God Uses Family to Teach Us about His Gospel. God tells us that when he justifies us through faith in Jesus Christ, he adopts us as his sons and daughters. Therefore we know that the relationship of parents to their children is not incidental or unimportant—no mere fragment of God’s plan for his people. Rather, the relationship of children being brought into their parents’ family is designed to teach us about our relationship to God and to teach us about the intimacy of our relationship to him. If Satan can distort or destroy family, he can distort and destroy our understanding of the gospel.

God Uses Family To Teach Us about His Church. Peter calls the church “the family of God” (1 Pet. 4:17) and Paul refers to it as “God’s household” (1 Tim. 3:15). As Christians, we belong to the same family because we have been united to one another through our adoption as sons and daughters of the same Father. It is because we are sons and daughters of the same Father that Christians refer to one another as “brothers” and “sisters.” If Satan can distort or destroy family, he can distort and destroy our understanding of the church.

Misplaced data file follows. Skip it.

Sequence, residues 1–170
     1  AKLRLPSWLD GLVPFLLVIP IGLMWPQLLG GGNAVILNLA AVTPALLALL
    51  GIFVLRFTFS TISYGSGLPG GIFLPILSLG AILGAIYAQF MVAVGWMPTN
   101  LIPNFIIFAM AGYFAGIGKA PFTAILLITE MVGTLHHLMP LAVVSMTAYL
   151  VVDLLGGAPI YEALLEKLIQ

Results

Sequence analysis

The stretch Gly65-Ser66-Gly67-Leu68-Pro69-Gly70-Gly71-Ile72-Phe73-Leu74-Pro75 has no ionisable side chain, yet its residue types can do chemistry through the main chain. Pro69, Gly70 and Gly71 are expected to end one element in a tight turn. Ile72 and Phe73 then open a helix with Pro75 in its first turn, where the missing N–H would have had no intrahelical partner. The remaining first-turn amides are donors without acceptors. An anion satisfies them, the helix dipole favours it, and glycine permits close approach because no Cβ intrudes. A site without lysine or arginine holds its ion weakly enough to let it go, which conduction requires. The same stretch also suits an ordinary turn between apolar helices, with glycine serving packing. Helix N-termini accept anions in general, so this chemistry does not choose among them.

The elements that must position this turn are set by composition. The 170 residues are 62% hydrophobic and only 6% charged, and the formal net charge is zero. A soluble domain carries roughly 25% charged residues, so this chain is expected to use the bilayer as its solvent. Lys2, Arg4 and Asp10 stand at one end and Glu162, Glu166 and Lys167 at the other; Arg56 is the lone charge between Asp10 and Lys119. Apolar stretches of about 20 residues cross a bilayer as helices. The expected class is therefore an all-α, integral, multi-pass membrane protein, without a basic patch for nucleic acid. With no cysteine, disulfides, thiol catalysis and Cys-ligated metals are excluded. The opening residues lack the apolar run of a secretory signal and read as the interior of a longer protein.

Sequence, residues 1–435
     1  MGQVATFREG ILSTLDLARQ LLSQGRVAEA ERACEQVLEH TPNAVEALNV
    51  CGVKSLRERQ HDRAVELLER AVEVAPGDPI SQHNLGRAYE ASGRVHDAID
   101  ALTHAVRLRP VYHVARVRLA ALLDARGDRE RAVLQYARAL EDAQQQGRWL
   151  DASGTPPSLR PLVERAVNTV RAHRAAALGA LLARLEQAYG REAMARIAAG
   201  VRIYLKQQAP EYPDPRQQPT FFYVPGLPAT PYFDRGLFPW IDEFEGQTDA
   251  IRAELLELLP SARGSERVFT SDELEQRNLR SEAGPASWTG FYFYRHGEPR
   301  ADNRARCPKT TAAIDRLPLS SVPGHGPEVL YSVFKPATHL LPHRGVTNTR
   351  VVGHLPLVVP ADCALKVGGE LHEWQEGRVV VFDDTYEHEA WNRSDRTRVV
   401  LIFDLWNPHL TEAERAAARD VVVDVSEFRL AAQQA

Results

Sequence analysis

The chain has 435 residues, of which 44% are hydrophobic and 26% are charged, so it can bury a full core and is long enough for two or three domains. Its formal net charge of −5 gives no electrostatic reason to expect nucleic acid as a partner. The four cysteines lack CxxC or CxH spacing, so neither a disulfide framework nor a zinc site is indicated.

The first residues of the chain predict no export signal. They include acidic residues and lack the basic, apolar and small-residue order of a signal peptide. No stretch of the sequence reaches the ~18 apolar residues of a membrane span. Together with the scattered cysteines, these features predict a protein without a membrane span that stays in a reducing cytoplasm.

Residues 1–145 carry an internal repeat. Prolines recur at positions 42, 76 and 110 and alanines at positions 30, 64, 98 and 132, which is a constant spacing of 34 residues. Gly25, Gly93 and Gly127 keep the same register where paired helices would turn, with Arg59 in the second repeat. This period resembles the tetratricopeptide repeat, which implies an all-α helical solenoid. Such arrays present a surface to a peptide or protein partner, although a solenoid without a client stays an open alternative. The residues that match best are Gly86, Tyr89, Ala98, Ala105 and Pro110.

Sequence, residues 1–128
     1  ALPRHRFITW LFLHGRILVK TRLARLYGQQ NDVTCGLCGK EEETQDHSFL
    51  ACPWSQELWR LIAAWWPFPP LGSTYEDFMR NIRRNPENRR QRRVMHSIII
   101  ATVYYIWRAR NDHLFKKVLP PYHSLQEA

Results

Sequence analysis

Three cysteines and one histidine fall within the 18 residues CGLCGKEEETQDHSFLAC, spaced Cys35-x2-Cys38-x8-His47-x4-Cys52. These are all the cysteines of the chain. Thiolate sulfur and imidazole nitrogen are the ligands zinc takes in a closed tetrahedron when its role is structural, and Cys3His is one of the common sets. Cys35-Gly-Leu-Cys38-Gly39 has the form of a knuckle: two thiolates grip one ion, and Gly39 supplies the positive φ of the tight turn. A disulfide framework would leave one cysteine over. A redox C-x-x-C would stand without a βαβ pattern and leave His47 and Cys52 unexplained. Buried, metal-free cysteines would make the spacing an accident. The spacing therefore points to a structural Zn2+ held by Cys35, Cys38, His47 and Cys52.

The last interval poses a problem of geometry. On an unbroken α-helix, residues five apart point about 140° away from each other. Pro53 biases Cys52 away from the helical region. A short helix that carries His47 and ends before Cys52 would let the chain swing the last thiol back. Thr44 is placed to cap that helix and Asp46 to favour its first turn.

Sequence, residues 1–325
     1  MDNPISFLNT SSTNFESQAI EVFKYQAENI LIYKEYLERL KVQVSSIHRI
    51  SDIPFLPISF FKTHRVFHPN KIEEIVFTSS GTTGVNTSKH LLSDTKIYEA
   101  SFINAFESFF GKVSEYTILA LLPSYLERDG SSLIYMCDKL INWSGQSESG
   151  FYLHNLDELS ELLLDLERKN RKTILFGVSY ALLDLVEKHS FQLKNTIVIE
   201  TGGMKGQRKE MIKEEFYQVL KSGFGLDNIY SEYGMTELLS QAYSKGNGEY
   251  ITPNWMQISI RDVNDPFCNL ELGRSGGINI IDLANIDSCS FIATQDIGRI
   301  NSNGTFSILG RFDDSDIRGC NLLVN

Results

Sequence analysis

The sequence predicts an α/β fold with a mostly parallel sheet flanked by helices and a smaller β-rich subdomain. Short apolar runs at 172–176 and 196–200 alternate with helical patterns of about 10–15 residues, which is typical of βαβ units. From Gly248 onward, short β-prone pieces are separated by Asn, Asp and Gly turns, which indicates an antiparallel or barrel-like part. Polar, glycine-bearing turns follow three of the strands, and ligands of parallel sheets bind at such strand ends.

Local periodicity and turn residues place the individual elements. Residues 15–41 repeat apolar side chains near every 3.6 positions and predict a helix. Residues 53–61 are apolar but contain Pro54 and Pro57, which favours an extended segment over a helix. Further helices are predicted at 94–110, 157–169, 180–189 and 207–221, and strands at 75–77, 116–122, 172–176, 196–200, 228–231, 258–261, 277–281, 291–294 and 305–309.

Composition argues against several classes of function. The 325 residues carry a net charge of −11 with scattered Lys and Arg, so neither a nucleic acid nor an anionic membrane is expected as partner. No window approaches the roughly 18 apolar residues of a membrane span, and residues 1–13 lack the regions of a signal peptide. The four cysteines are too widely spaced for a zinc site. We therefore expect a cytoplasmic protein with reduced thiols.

Do you see it? To understand God’s nature, God’s gospel, and God’s church, we first need to understand family. When a father abandons his family, the metaphors grow distorted. When a family has two fathers and no mothers, the metaphors grow distorted. Even when a Christian couple determines for selfish reasons not to have children, the metaphors grow distorted. But a strong family, built upon the Scriptures, serves as a powerful image of all of these truths.

How Family Ministers

Your family is under attack because of all it represents. Your family is also under attack because of what it does. God designed your family to serve as a kind of ministry to the church and to the world.